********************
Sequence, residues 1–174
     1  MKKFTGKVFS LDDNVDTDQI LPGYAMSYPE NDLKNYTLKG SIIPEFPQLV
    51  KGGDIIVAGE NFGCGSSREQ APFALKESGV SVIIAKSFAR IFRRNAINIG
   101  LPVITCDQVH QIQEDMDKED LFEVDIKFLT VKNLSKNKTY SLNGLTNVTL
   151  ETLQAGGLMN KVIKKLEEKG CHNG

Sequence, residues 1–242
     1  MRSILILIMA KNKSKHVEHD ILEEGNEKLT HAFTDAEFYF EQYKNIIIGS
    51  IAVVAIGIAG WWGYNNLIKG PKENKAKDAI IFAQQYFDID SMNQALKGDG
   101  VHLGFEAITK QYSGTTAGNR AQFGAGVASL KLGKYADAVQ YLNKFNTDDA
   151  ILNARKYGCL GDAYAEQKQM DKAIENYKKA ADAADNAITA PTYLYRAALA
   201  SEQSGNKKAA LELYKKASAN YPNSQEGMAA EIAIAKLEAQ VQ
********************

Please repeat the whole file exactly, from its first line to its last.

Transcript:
Sequence, residues 1–174
     1  MKKFTGKVFS LDDNVDTDQI LPGYAMSYPE NDLKNYTLKG SIIPEFPQLV
    51  KGGDIIVAGE NFGCGSSREQ APFALKESGV SVIIAKSFAR IFRRNAINIG
   101  LPVITCDQVH QIQEDMDKED LFEVDIKFLT VKNLSKNKTY SLNGLTNVTL
   151  ETLQAGGLMN KVIKKLEEKG CHNG

Sequence, residues 1–242
     1  MRSILILIMA KNKSKHVEHD ILEEGNEKLT HAFTDAEFYF EQYKNIIIGS
    51  IAVVAIGIAG WWGYNNLIKG PKENKAKDAI IFAQQYFDID SMNQALKGDG
   101  VHLGFEAITK QYSGTTAGNR AQFGAGVASL KLGKYADAVQ YLNKFNTDDA
   151  ILNARKYGCL GDAYAEQKQM DKAIENYKKA ADAADNAITA PTYLYRAALA
   201  SEQSGNKKAA LELYKKASAN YPNSQEGMAA EIAIAKLEAQ VQ